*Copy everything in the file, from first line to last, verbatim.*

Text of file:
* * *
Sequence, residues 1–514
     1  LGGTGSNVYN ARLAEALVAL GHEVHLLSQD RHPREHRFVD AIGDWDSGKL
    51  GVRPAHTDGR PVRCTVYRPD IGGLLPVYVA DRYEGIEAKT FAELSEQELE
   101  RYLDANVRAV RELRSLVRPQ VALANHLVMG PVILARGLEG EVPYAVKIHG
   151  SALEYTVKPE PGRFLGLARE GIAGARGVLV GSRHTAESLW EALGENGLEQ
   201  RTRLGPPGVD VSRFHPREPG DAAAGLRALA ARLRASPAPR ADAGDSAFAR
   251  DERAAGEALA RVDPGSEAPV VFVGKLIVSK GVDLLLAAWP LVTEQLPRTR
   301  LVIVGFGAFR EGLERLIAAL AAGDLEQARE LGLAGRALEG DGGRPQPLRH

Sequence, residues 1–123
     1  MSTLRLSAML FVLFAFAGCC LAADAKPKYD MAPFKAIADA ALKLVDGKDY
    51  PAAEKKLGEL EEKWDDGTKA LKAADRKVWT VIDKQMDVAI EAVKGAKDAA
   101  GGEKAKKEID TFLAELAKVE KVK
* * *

Sequence, residues 1–514
     1  LGGTGSNVYN ARLAEALVAL GHEVHLLSQD RHPREHRFVD AIGDWDSGKL
    51  GVRPAHTDGR PVRCTVYRPD IGGLLPVYVA DRYEGIEAKT FAELSEQELE
   101  RYLDANVRAV RELRSLVRPQ VALANHLVMG PVILARGLEG EVPYAVKIHG
   151  SALEYTVKPE PGRFLGLARE GIAGARGVLV GSRHTAESLW EALGENGLEQ
   201  RTRLGPPGVD VSRFHPREPG DAAAGLRALA ARLRASPAPR ADAGDSAFAR
   251  DERAAGEALA RVDPGSEAPV VFVGKLIVSK GVDLLLAAWP LVTEQLPRTR
   301  LVIVGFGAFR EGLERLIAAL AAGDLEQARE LGLAGRALEG DGGRPQPLRH

Sequence, residues 1–123
     1  MSTLRLSAML FVLFAFAGCC LAADAKPKYD MAPFKAIADA ALKLVDGKDY
    51  PAAEKKLGEL EEKWDDGTKA LKAADRKVWT VIDKQMDVAI EAVKGAKDAA
   101  GGEKAKKEID TFLAELAKVE KVK